Sunday, 20 August 2017

Malaysia. Here Comes The Rain Again

Is the massive 1983 hit single from British duo the Eurythmics, taken from the album touch.

Malaysia, better watch out, because word in town is here comes the rain again!!.

Free Malaysia Today, has the story. Read below :

PETALING JAYA: Malaysia is likely to be hit by a recession in 2018, with most of the sectors expected to slow down, political and economic affairs analyst Prof Hoo Ke Ping predicts.

However, he said, the palm oil industry would do well due to the La Nina effect which will see more rain than expected, pushing production and prices for the edible oil upwards.

“Malaysians will feel the pinch of recession from next year onwards due to various factors, including a decline in consumer confidence and the retrenchment of workers from such sectors as oil and gas, banking, retail, and electronics,” he told FMT.

Saturday, 12 August 2017

1MDB. New Rules

Is the current hit single from Dua Lipa, taken from self titled album.

There are new rules in place when it comes to 1MDB's case in the USA. Apparently now the USA is pursuing a criminal case against those who stole our money.

Does this mean Jho Low will soon be charged in court soon? The devil is in the details...talk in town is the fat boy, might end up being the WITNESS.

Reuters have some of the story here. Read below :

 The U.S. Justice Department is conducting a criminal probe into 1Malaysia Development Berhad (1MDB) and has asked for a stay on its civil lawsuits in connection with $1.7 billion in assets allegedly bought with money stolen from the scandal-hit state fund.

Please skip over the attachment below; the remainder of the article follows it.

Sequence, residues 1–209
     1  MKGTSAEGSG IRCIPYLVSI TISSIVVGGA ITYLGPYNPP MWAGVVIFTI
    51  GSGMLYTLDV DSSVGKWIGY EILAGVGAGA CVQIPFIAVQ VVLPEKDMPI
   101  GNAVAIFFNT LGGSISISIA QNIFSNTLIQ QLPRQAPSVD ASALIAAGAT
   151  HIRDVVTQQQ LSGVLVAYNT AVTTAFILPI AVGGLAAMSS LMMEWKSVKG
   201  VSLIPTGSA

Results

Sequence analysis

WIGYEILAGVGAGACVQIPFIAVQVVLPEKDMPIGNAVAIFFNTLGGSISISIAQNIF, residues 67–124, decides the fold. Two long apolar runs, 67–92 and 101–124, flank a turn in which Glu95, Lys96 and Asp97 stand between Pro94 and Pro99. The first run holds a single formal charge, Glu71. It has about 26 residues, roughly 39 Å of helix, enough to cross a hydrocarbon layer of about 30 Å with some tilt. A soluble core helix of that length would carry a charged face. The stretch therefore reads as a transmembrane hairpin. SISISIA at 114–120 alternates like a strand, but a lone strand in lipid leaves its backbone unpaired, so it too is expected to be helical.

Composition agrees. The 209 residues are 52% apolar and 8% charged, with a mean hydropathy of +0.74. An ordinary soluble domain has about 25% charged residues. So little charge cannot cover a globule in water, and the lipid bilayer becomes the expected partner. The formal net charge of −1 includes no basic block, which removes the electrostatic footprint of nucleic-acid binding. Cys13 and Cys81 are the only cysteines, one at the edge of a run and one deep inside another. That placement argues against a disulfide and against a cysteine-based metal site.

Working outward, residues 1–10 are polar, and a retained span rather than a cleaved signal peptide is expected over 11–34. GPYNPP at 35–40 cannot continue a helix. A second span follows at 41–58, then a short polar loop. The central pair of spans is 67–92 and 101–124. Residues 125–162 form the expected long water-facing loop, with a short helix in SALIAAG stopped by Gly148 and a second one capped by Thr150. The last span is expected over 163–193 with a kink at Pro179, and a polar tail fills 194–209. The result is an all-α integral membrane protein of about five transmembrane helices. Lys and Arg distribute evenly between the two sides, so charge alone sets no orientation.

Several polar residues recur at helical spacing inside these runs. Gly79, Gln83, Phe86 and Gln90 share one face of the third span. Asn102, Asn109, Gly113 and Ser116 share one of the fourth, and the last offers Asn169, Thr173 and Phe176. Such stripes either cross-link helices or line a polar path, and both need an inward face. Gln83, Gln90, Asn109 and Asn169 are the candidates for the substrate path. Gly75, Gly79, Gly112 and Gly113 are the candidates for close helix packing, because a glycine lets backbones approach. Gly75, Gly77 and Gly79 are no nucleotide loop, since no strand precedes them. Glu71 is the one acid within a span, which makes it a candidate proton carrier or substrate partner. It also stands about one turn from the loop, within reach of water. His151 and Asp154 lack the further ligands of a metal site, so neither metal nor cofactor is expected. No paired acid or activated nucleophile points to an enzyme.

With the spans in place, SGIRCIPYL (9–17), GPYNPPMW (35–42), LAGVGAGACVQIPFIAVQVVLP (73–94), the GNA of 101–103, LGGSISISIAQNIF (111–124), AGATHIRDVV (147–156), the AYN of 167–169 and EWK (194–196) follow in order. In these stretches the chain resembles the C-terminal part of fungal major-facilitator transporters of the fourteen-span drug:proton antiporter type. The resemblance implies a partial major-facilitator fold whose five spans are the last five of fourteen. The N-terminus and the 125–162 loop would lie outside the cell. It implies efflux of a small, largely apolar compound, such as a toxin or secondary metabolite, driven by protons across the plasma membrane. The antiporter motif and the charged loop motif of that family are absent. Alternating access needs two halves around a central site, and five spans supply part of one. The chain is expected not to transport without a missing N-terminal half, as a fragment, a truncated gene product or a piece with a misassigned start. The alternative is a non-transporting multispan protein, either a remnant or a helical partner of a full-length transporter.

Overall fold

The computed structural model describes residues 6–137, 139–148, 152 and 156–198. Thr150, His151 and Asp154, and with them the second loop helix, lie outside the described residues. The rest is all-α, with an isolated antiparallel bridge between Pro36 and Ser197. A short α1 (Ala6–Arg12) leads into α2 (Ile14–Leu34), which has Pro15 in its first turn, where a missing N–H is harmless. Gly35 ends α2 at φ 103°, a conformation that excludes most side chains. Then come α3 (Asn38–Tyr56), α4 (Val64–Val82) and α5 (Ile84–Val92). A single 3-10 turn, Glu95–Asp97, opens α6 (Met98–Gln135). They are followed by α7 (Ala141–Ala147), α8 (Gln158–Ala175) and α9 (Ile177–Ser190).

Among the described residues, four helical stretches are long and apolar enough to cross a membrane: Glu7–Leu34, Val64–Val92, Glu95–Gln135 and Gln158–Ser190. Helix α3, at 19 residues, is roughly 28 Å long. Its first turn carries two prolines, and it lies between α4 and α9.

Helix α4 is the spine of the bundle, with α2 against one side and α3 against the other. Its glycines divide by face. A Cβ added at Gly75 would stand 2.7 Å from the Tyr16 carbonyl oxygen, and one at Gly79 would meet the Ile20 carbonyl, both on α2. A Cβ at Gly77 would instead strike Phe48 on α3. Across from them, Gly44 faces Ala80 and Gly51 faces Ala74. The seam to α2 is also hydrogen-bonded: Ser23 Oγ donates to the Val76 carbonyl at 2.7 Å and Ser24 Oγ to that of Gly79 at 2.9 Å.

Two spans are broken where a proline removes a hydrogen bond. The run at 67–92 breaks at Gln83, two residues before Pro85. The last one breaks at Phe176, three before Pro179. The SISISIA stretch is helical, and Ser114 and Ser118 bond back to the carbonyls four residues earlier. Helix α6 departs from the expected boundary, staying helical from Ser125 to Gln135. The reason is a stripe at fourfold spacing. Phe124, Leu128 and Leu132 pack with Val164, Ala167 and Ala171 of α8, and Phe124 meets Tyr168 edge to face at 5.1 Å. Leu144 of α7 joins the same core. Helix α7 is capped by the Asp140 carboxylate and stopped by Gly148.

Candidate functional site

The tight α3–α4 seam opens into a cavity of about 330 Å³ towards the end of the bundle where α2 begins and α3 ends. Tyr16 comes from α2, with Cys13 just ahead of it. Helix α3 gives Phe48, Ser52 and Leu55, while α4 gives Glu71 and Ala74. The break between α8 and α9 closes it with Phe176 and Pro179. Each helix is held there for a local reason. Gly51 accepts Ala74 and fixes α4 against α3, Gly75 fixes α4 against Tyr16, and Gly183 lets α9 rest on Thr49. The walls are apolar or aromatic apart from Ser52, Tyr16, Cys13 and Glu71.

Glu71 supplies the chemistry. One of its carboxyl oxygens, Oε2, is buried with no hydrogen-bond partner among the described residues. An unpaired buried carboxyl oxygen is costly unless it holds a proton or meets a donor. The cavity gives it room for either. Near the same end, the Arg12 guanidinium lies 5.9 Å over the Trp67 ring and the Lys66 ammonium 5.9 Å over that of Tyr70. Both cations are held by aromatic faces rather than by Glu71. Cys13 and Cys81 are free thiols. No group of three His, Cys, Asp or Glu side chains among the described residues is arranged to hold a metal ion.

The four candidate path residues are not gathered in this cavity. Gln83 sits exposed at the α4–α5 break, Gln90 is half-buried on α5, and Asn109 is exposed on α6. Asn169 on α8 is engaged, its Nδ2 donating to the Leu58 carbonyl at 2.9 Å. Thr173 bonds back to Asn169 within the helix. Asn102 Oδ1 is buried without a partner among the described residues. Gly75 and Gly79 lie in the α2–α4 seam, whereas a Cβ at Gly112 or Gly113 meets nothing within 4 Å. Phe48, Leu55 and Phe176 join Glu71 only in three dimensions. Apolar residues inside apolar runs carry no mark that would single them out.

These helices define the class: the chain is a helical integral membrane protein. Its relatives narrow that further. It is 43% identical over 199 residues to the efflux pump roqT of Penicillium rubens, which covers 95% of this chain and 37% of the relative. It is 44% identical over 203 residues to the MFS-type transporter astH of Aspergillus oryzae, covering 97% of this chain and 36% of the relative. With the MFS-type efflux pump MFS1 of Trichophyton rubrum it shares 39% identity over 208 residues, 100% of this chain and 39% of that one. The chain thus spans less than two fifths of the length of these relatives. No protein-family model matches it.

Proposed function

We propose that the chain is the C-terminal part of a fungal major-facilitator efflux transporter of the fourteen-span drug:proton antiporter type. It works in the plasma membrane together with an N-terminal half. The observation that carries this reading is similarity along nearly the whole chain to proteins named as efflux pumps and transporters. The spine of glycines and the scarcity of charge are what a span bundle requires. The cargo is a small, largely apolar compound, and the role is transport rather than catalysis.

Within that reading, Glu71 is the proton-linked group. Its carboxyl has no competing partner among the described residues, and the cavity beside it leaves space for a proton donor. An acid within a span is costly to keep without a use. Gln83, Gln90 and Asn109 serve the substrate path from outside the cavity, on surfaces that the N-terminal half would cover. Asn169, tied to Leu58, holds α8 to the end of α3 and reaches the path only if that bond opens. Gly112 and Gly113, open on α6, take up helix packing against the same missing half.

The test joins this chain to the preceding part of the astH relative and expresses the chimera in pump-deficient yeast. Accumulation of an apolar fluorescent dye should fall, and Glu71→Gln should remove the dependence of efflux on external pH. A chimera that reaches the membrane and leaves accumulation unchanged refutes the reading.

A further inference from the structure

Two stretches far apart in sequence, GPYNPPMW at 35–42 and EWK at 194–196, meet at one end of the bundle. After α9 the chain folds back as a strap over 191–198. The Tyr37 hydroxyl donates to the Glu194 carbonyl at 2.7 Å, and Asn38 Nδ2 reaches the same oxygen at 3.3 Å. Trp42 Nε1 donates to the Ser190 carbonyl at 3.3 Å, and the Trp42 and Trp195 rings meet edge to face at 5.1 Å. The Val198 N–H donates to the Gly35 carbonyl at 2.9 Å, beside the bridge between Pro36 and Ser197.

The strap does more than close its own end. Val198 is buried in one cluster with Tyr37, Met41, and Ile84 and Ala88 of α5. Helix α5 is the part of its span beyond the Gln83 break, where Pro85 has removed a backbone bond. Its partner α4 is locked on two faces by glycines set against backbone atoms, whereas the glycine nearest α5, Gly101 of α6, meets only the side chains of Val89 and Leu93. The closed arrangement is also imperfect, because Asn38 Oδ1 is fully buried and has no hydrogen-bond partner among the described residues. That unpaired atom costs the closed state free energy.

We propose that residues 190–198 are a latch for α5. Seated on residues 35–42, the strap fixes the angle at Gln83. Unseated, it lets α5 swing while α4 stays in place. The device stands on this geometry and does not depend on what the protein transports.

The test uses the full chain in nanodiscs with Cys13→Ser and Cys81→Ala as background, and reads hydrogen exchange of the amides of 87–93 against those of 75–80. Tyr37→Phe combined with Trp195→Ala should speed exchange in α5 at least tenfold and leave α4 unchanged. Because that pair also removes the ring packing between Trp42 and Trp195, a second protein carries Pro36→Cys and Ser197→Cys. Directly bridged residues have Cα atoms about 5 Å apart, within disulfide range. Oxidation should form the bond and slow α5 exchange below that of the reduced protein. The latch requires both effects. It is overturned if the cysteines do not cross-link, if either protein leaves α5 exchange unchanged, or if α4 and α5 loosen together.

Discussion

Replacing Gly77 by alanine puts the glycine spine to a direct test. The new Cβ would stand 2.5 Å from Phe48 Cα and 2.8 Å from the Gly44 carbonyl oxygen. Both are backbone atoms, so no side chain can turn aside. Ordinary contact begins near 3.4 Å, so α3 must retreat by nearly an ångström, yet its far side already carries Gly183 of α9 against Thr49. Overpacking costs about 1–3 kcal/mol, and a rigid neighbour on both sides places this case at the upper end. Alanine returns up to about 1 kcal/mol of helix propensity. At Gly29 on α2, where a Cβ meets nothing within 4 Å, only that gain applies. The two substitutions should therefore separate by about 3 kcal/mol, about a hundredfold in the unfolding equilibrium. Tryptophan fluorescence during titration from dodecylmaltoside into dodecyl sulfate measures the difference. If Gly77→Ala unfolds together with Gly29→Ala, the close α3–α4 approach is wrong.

A total of $4.5 billion was misappropriated from 1MDB by high-level officials of the fund and their associates, according to dozens of civil lawsuits filed by the U.S Justice Department in the past two years.

1MDB did not immediately respond to an emailed request for comment.

Thursday, 3 August 2017

Malaysia. Rake it up

Is the current us top 20 hit by Yo Gotti & Nicki Minaj.

Malaysia looks like raking up, a long list of economic no no's, which soon could trigger a massive withdrawal by foreigners in the bond and equity markets.

Inflation is at an eight year high, foreign reserves held by Bank Negara stood at US99.1 billion compared to US141.4 billion in 2013.

To top it all up, reserve adequacy is low, compared to the countries near us.

Malaysia’s reserves are sufficient to finance 6.5 months of imports, according to data compiled by Commerzbank AG using a 12-month moving average.

That compares with 9.9 months for Indonesia, 10.8 for Thailand, 11.2 months for the Philippines, and 21.6 for China.

Saturday, 29 July 2017

Shiller. I feel it coming

Is the massive hit for Weeknd & Daft Punk, taken from the album starboy.

The starboy in accurately predicting stock market crashes is Nobel laureate  Robert Shiller, with his own version of the price to earnings ratio known as the Shiller CAPE.

Shiller says I can feel it coming. CNBC has the story. Read below :

Yale University economics professor Robert Shiller has a warning for investors.

The Nobel laureate says low volatility paired with a questionable price-earnings ratio could wipe out a chunk of the stock market's value.

"The price increase just went step-by-step with the earnings increase. I think it's an overreaction to good earnings," said Shiller on Wednesday's "Trading Nation."

His comments came as the S&P 500Dow and Nasdaq were hitting fresh all-time highs and the CBOE Volatility Index dropped to a record low.

In a special note to CNBC, Shiller writes that low volatility could be "the quiet before the storm." It's a phenomenon which Shiller says is making him "lie awake worrying."